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Bald Eagles Threatened By Eastern Shore Wind Farm

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A wind power lobbying group disputes a report saying that turbines pose a threat to Maryland's bald eagle population.
A wind power lobbying group disputes a report saying that turbines pose a threat to Maryland's bald eagle population.

The U.S. Fish and Wildlife Services says a proposed wind farm on Maryland's Eastern Shore could kill up to 20 bald eagles a year. This report could have implications for wind power development along the Eastern Seaboard.

Pioneer Green Energy, which is voluntarily working with the Fish and Wildlife Service, wants the agency to sign off on the company's proposed 50-turbine project near Westover. The agency says Pioneer must take measures to reduce the threat to bald eagles before it gives the project a thumbs-up.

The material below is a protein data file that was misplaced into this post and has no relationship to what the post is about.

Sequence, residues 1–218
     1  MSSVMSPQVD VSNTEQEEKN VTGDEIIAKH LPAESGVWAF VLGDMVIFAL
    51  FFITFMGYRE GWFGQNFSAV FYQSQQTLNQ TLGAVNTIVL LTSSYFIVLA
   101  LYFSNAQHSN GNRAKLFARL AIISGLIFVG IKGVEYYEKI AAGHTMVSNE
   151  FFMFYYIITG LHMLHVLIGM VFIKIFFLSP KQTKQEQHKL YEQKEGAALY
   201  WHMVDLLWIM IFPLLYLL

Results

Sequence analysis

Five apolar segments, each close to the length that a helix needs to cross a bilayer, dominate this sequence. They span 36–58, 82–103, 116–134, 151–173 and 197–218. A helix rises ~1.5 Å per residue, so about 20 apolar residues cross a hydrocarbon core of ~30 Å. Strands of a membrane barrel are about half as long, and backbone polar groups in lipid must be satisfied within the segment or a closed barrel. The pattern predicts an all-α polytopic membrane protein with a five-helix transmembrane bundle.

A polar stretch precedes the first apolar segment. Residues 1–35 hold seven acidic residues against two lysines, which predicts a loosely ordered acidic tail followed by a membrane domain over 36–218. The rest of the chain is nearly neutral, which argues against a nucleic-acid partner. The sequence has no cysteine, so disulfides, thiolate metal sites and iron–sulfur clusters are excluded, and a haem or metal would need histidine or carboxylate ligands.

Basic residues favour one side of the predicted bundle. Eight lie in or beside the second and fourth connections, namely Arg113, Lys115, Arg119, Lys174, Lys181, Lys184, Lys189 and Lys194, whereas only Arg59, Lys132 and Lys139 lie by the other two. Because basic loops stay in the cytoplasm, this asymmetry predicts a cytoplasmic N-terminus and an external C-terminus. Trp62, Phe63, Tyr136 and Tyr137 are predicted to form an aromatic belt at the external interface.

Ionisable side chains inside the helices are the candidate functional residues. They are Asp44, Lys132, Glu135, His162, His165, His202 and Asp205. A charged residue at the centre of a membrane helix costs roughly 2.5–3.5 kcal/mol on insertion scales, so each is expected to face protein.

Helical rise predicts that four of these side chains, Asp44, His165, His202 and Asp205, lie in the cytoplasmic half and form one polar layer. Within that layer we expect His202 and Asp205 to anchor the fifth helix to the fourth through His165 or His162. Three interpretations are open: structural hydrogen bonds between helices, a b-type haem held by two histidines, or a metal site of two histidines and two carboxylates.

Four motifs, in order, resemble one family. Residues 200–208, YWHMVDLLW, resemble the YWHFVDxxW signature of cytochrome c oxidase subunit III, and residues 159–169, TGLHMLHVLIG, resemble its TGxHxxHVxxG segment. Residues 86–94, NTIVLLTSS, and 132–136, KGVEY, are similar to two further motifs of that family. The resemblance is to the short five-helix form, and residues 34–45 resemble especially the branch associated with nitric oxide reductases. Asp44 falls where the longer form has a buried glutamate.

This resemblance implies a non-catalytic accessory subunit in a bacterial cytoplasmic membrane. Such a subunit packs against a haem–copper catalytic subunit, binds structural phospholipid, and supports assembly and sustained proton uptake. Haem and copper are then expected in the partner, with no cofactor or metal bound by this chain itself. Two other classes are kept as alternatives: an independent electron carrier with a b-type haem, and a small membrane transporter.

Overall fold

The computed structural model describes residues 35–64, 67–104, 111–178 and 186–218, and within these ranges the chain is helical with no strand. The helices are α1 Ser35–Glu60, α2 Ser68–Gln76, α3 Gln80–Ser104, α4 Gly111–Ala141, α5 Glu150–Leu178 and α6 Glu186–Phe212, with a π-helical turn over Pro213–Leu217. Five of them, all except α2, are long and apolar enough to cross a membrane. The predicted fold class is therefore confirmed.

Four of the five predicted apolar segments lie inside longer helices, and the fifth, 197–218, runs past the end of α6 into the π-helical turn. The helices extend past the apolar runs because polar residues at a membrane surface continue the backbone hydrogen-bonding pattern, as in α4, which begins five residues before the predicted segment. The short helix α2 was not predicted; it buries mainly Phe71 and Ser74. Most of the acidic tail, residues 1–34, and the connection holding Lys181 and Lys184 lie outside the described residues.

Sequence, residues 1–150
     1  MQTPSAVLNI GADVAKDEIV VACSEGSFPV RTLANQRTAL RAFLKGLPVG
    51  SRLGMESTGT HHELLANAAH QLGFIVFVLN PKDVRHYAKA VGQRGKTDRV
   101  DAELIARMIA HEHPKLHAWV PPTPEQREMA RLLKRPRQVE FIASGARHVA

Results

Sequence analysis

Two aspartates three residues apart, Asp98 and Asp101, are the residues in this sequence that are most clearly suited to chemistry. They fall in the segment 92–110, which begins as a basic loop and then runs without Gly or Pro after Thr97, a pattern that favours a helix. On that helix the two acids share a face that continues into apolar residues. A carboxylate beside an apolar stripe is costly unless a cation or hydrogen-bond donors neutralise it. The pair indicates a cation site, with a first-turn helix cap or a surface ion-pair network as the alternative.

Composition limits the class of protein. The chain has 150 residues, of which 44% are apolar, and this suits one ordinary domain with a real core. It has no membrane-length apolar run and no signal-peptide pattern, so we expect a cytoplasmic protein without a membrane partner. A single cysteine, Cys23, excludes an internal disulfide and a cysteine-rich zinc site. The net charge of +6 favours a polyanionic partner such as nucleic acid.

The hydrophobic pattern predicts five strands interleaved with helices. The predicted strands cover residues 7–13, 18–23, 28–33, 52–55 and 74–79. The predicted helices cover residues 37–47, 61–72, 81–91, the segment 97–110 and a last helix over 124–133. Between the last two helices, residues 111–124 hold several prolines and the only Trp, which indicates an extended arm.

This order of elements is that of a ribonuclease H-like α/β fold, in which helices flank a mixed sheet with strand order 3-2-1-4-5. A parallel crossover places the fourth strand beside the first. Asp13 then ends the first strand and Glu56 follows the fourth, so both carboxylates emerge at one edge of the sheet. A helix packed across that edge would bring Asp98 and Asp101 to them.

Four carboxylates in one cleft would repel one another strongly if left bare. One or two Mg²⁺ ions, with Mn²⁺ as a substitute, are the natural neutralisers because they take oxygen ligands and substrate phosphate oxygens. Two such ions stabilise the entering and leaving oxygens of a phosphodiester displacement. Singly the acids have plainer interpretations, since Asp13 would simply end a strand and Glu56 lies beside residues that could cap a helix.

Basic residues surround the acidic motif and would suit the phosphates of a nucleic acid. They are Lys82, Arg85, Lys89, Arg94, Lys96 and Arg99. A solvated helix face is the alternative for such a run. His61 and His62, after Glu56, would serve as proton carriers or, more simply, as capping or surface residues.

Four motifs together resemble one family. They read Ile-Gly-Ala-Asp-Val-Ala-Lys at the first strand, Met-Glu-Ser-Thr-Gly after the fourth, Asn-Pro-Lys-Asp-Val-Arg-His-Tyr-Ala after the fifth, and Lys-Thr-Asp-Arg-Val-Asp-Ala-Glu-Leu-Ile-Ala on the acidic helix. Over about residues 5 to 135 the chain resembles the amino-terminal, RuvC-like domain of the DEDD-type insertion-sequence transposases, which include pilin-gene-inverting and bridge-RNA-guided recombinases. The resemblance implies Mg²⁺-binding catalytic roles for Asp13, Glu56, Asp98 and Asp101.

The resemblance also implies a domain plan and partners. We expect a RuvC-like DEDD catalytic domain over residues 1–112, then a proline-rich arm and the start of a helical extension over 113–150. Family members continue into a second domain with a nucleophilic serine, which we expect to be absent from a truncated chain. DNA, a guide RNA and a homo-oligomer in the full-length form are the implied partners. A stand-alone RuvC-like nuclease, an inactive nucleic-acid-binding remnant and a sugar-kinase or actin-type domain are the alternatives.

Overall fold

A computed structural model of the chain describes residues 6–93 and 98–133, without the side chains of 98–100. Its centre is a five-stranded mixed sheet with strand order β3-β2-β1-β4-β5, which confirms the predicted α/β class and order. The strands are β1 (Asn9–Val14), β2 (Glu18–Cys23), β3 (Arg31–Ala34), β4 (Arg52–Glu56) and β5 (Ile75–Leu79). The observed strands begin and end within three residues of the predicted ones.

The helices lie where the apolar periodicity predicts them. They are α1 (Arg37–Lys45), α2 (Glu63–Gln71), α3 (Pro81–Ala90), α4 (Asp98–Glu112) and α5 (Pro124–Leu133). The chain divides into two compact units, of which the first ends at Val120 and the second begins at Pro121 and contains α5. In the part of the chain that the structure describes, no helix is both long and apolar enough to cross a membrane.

A wind-power lobbying group says the agency's estimate of 20 bald eagle deaths a year is flawed, because it's based on data about wind turbines and golden eagles.

The agency says it used golden eagle data because there have been few run-ins between bald eagles and wind turbines. That's because most U.S. wind farms are in the west, where golden eagles predominate.

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